With Obamacare on the ropes, there will be a temptation for opponents to let up on their criticism, and to try to appear constructive, or at least responsible. There will be a tendency to want to let the Democrats’ plans sink of their own weight, to emphasize that the critics have been pushing sound reform ideas all along and suggest it’s not too late for a bipartisan compromise over the next couple of weeks or months.
My advice, for what it’s worth: Resist the temptation. This is no time to pull punches. Go for the kill.
Late Friday afternoon, Silvestre Reyes, chairman of the House Intelligence Committee, announced that his panel would be undertaking a formal investigation of the CIA. The ostensible subject of the probe is a highly classified program that targeted al Qaeda leaders for assassination and which CIA director Leon Panetta briefed the committee about on June 24.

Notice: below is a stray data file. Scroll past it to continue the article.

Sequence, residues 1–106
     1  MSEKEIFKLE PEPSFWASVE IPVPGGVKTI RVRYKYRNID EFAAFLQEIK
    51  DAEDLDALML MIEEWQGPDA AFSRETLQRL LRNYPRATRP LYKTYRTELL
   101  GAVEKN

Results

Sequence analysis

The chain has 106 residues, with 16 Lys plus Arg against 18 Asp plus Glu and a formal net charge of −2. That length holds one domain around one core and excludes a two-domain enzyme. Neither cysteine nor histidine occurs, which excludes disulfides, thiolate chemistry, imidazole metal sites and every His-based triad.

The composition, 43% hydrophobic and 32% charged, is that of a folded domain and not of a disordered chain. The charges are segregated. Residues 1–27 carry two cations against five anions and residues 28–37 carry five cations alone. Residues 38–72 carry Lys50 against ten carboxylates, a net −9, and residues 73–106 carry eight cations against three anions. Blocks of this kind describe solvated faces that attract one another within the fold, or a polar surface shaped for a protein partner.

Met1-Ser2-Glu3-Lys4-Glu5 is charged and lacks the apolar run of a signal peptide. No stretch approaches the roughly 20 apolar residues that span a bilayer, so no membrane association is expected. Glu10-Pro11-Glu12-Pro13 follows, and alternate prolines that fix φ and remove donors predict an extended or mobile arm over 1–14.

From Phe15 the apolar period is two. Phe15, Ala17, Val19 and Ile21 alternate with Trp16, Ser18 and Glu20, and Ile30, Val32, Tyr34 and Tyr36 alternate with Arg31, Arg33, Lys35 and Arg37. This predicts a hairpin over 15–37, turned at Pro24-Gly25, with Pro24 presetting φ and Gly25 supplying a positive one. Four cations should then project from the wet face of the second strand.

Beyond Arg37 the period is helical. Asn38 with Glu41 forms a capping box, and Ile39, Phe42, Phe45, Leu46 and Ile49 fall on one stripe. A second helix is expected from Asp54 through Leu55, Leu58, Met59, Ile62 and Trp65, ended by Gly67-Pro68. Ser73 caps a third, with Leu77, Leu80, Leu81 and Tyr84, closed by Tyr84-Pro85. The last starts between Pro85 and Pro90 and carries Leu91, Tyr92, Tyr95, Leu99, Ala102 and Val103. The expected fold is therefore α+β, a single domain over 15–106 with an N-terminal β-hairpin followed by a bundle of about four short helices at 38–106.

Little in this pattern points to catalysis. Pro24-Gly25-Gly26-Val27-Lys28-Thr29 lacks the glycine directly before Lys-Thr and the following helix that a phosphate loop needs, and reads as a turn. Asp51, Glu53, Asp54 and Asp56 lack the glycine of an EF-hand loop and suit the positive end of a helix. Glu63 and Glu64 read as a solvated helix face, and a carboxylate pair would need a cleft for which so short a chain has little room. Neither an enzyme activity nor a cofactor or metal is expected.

“After careful consideration and consultation with the Ranking Minority Member and other members of the Committee, the House Permanent Select Committee on Intelligence will conduct an investigation into possible violations of federal law, including the National Security Act of 1947,” Reyes said in a statement.
Let us offer to save the distinguished chairman some time, and the taxpayers some money: Forget it. There were no violations of federal law. Dennis Blair, Barack Obama’s director of national intelligence, told the Washington Post that the CIA was not required to brief Congress about a program that appears never to have been implemented. In either case, the statute that governs these matters leaves such notification to the discretion of the executive branch. And within minutes of the announcement of the investigation, and despite Reyes’s claim of having consulted him, Representative Pete Hoekstra, the ranking minority member, blasted the probe as “partisan” hackery.